Yemen's Houthi rebels claim shooting down another US MQ-9 Reaper drone as footage shows wreckage

Yemen’s Houthi rebels have claimed the shooting-down of an American drone, hours after footage circulated online of what appeared to be the wreckage of an MQ-9 Reaper drone

DUBAI, United Arab Emirates (AP) — Yemen's Houthi rebels on Friday claimed to have shot down an American drone, hours after footage circulated online of what appeared to be the wreckage of an MQ-9 Reaper drone. Early Saturday, a vessel also came under attack in the Red Sea.

The two incidents likely represent just the latest attacks by the Houthis as they press their campaign over the Israel-Hamas war in the Gaza Strip.

Houthi military spokesman Brig. Gen. Yahya Saree claimed that rebels shot down the Reaper on Thursday with a surface-to-air missile. He described the drone as “carrying out hostile actions" in Yemen's Marib province, which remains held by allies of Yemen's exiled, internationally recognized government.

The Houthis later released footage they claimed showed the surface-to-air-missile being launched at night, along with night-vision footage of the missile hitting the drone. A man, whose voice had been digitally altered to apparently prevent identification, chanted the Houthi slogan: "God is the greatest; death to America; death to Israel; curse the Jews; victory to Islam.”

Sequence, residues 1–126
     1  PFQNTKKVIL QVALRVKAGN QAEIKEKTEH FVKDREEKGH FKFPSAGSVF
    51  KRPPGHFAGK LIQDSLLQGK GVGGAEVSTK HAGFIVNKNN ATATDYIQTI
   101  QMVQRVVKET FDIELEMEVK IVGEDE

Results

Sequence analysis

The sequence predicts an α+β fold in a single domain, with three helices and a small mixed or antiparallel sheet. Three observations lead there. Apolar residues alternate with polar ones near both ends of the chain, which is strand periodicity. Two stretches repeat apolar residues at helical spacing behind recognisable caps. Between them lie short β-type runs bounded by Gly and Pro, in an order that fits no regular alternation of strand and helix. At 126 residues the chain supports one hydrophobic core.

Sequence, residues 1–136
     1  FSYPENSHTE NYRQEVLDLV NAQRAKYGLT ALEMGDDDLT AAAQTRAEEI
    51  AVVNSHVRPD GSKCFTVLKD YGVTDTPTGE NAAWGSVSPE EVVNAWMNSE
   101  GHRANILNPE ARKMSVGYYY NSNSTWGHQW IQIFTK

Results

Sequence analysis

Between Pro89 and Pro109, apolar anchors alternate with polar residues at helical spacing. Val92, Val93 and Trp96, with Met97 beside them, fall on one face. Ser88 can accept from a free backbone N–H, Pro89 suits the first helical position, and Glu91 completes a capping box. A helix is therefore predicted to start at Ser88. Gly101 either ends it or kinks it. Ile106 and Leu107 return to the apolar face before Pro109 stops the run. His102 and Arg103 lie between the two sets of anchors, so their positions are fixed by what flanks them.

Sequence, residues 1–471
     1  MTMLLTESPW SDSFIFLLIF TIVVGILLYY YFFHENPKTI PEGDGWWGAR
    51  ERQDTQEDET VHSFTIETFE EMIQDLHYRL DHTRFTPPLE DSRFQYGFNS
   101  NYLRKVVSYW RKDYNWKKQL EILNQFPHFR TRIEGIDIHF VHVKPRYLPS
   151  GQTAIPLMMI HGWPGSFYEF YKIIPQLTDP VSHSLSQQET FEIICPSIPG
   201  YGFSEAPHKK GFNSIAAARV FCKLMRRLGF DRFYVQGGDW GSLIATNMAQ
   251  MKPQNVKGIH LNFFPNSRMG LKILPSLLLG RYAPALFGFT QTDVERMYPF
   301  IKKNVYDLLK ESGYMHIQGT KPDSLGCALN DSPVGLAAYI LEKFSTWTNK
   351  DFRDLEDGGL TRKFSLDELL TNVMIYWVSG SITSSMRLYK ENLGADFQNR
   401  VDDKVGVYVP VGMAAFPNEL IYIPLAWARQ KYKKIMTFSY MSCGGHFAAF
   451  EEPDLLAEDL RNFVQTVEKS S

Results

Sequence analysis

Online video showed wreckage resembling the pieces of the Reaper on the ground, as well as footage of that wreckage on fire.

The U.S. military did not respond to a request for comment from The Associated Press over the Houthi claim. While the rebels have made claims about attacks that turned out later not to be true, they have a history of shooting down U.S. drones and have been armed by their main benefactor, Iran, with weapons capable of high-altitude attack.

Since the Houthis seized the country’s north and its capital, Sanaa, in 2014, the U.S. military has previously lost at least five drones to the rebels.

Reapers, which cost around $30 million apiece, can fly at altitudes up to 50,000 feet and have an endurance of up to 24 hours before needing to land.

The drone shootdown comes as the Houthis launch attacks on shipping in the Red Sea and Gulf of Aden, demanding Israel ends the war in Gaza, which has killed more than 34,000 Palestinians there. The war began after Hamas-led militants attacked Israel on Oct. 7, killing 1,200 people and taking some 250 others hostage.

The Houthis have launched more than 50 attacks on shipping, seized one vessel and sunk another since November, according to the U.S. Maritime Administration.

Early Saturday, the British military's United Kingdom Maritime Trade Operations center said a ship came under attack off the coast of Yemen's port city of Hodeida.

The captain “has confirmed sustaining slight damage after being struck by an unknown object on his port quarter,” the UKMTO said. “The vessel and crew are safe and continuing to its next port of call.”

The private security firm Ambrey said it believed the vessel struck was a Panama-flagged crude oil tanker.

Radio traffic suggested the ship was “hit by a missile and that there was a fire in the steering gear flat,” Ambrey said.

The Houthis did not immediately acknowledge the attack, though it typically takes them hours to issue a claim.

Houthi attacks have dropped in recent weeks as the rebels have been targeted by a U.S.-led airstrike campaign in Yemen. Shipping through the Red Sea and Gulf of Aden still remains low because of the threat, however.

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This story has been corrected to give the name of the drone as Reaper, instead of Predator.